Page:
Management is from Mercury, I.T. is from Pluto
By Jeff Roberts
Professor finds bridging the culture gap makes good business sense
They’re the star-crossed couple of the business world. The nattily dressed manager and the rumpled computer expert come from different backgrounds and often seem to speak different languages. When they work together, beautiful things can happen for a business. When the two don’t communicate well, their misunderstandings can lead to disaster.
Enter Professor Geneviève Bassellier, a specialist in information systems at McGill’s Desautels Faculty of Management. In her research, Bassellier acts as a marriage counsellor of sorts between the suits and techies, helping them understand one another and build a stronger, healthier relationship.
One needn’t look far to see the consequences of poor communication. Bassellier cites the example of a major American university that spent several million dollars on an enterprise resource planning system before realizing that it was completely unsuitable for the day-to-day needs of the school’s students and employees.
“Information technology (I.T.) people and business people need to learn to talk to each other more, and that’s where bridging the gap comes into play,” she says. The two groups “have their own culture, they have their own vocabulary and jargon. They just don’t communicate well, as each thinks they can do everything on their own. Nowadays, you need I.T. and business to work together to leverage the opportunities offered by information technologies.”
Bassellier’s interest in effective I.T. practices started well before she began her PhD at the University of British Columbia. Growing up, she heard first-hand about the challenges of adapting management practices to take advantage of new technology from her father, who worked to bring modern I.T. to the Montreal borough of Saint-Laurent.
These experiences and her own research have led Bassellier to believe above all that the creation of “common space” between I.T. and business is crucial for effective information systems within an organization. Now she is sharing her insights with her students at the Desautels Faculty of Management, where she has taught since 2001, as well as with professionals.
While the challenge of fusing I.T. and business practices has interested management theorists for some time, Bassellier’s goal was to quantify precisely what knowledge needs to be shared between I.T. professionals and managers, and how that shared competence can improve a firm’s capacity for innovation and profit.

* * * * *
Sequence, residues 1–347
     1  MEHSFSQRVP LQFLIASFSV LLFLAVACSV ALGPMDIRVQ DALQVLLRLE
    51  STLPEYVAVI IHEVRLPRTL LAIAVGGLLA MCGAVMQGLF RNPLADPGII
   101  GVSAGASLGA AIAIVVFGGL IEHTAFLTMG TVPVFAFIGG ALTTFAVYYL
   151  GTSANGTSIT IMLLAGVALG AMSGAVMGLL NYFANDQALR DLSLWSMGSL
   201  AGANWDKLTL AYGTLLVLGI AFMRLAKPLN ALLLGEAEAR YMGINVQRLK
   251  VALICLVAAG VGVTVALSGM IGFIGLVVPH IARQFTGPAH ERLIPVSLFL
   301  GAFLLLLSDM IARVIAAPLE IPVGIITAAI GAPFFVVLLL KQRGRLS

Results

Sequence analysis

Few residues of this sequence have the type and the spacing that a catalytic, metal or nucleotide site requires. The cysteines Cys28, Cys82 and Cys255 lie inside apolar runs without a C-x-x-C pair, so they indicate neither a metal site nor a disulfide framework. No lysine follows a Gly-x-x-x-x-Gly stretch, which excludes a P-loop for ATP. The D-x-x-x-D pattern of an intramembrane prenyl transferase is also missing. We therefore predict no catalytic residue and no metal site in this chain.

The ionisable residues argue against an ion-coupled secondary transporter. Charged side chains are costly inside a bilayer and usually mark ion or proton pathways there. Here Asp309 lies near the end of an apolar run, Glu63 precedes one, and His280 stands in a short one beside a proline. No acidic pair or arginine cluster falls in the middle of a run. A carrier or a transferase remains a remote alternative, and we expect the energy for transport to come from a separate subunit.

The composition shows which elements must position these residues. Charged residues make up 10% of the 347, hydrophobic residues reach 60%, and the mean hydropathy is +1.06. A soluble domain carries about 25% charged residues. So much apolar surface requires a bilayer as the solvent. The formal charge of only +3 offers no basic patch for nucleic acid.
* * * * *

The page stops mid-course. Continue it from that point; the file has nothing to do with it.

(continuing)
Funded by the Social Sciences and Humanities Research Council, Bassellier has worked with 17 different organizations, including financial institutions with up to 57,000 employees, government agencies with 7,000 and utility companies with as few as 200 staff. She has administered hundreds of employee surveys to better grasp how managers and I.T. professionals understand each other’s roles within their business.
She learned that I.T. professionals who were knowledgeable about other parts of the business were more inclined to partner with managers. As for managers, those who had a strong understanding of I.T. were 34 per cent more likely to be good “spouses” and understand the needs of their partners by scouting out and championing new information technology.
In part, these results confirm Bassellier’s belief that the cultural divide between information technology departments and other areas of a business can—and should—be bridged. She advocates a hands-on approach to give I.T. an appreciation of the larger goals of a business. According to Bassellier, these practices—such as having an I.T. person work in a marketing department—can augment more traditional strategies such as “seeding the line,” in which upper-level managers are drawn from I.T.
“It is so important to develop a common knowledge, a common space. Your I.T. staff will not master finance and your finance people will not become I.T. experts, but there will be a common place where the needs of the institution can be defined.”